Month: October 2016

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Afrikaans Part I: Tongue Correspondence

by Klara du Plessis

As I open the book, a letter falls out. Clearly, little is more nostalgic than a handwritten, airmailed letter from a friend, brimming with news and affection. The date is relatively recent, less than a year old, but already the envelope has developed that intoxicating perfume of decaying paper (insert library lover/secondhand book shopper). The letter is from a childhood friend who now lives in Spain,

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Writing the Good English

by Ndinda Kioko


As a black Kenyan woman writing in a language that was not invented by or for me, my stories often demand that I write them in a language that can imagine them. In the same way, writing is a way for me to find a language that can imagine me, a language that sees me.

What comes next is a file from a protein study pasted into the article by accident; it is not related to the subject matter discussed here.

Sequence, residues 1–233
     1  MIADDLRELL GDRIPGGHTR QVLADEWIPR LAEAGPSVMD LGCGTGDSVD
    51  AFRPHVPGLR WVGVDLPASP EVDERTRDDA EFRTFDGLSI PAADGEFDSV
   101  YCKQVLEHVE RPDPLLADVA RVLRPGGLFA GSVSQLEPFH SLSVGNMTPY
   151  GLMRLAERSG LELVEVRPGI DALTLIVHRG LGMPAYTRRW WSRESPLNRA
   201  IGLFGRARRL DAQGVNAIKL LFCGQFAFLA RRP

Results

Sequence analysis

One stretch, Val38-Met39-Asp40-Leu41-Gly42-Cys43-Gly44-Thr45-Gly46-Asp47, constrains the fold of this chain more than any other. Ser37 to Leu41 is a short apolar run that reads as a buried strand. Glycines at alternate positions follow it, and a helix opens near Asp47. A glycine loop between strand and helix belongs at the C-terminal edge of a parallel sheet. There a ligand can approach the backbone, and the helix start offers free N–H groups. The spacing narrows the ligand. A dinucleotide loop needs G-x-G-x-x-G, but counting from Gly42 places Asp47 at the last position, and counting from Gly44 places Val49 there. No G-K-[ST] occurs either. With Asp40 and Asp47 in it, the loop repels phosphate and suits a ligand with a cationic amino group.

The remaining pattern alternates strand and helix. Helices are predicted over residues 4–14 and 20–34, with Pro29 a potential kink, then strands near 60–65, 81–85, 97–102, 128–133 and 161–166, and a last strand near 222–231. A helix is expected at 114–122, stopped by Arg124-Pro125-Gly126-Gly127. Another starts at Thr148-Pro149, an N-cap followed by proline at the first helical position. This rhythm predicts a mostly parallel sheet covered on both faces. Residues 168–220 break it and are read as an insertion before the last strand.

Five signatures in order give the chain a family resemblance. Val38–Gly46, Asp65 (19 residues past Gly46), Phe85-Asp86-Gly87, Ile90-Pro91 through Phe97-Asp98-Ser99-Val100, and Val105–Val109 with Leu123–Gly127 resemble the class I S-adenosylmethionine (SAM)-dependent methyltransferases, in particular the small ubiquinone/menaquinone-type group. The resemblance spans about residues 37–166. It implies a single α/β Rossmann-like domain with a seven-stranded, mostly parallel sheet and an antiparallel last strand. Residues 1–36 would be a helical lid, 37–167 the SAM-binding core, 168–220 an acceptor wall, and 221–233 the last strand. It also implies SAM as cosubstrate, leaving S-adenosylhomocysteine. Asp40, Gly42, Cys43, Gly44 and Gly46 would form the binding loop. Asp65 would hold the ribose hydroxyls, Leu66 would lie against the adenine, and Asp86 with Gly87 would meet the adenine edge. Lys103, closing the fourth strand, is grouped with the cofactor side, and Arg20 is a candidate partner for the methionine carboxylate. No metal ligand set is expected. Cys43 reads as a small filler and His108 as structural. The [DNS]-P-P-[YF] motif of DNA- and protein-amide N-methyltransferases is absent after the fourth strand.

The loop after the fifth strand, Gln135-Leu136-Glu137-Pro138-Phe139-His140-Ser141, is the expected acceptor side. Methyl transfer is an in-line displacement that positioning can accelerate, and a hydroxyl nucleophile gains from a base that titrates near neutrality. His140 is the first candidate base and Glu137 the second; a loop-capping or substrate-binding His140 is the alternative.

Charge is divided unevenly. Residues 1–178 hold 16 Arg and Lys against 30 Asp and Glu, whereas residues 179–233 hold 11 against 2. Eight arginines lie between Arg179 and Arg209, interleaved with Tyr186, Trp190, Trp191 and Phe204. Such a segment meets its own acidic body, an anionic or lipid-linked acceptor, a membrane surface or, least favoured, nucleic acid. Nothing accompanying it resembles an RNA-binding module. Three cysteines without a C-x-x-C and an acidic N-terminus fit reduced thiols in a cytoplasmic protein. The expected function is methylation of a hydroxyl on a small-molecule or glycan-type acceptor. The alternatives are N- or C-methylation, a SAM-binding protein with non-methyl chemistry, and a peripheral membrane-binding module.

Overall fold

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Hyphenated Fluency

by Jihyun Rosel Kim

What is your primary language of communication?

One of the signs of adulthood is that you have to fill out many forms and surveys about yourself and your background.  You are asked to categorize and divide your identity into knowable, and seemingly unending, labelled chapters: university admission, a new job, the newly-returned census.

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Introducing: Writing in English from a Multilingual Perspective

by Klara du Plessis

In a climate of multiculturalism, hybridity, and interdisciplinarity—interestingly, as I type, these exact words are underlined; apparently the world via spellcheck isn’t ready for diversity—a phobic reaction to a more holistic, multilingual or translational approach to language in literature is unexpectedly common.

In an interview for Close Listening with polyglot,

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Wanted: Town Crier Proofreaders

by Town Crier

Attention all proofreaders!

The Town Crier, the bloggy appendage to The Puritan, is seeking a new proofreader and WordPress formatter. We are one of the busiest literary blogs in Canada, updating 2-3 times weekly. A team of volunteer staff writers, Puritan Publicity Agents,